Opinion: What’s faster than superfast? A question of semantics

(c)iStock.com/solarseven

This morning I watched the above speech by Göran Marby of Swedish regulator PTS. It meanders a bit, and (anecdotally) I was shocked by the apparent confusion between IP and Internet, but it makes some good points, and in particular it raises an important question about the future of networks. The assumption seems to be that the millions of devices that we predict to be connected will do so on the basis of a mobile network framework. But most of these devices won’t move. In Fiber rich Sweden, the alternative (that they be connected on the basis of a fixed network paradigm) is appealing indeed.

This is something that interests me a lot, but I don’t think my thought process is quite mature enough to really address yet.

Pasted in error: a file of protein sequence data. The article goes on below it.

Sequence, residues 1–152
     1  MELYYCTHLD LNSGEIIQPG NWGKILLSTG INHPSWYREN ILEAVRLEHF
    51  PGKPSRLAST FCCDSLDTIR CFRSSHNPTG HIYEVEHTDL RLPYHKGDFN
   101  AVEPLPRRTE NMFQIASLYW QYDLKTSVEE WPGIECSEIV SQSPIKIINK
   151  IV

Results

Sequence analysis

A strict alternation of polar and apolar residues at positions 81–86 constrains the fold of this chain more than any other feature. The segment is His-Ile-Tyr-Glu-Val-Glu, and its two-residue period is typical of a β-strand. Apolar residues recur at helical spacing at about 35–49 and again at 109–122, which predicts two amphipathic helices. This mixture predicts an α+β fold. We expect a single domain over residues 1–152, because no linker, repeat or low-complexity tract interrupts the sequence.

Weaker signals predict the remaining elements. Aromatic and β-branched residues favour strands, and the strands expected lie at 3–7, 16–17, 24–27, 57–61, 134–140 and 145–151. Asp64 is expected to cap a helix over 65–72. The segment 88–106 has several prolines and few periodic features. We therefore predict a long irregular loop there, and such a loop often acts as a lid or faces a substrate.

The "superfast" tag frankly means nothing

Instead I want to (slightly humorously) latch onto a joke Marby made in his speech about the UK’s “superfast” broadband. If 30Mbps is “superfast” he says, the standard 100 Mbps in Sweden should be called “superduperfast”.

We’re currently delving back into a project that’s been on the backburner for too long, with the aim of analysing advertising messaging and strategies for FTTP.

If I was Virgin or Hyperoptic (or Sky/TalkTalk, assuming their fiber plans in York are actually moving forward), I would latch onto this concept and launch a campaign arguing that if BT is delivering superfast, then either of these other players are delivering superduperfast. Done well it would be funny, and would degrade the “superfast” tag, which frankly means nothing. If copper champions can devalue the advertising power of “fiber”, surely devaluing “superfast” is fair game?

(Note: I notice that Cityfibre used “ultra-fast” in their announcement, but I still think superduperfast would work better)

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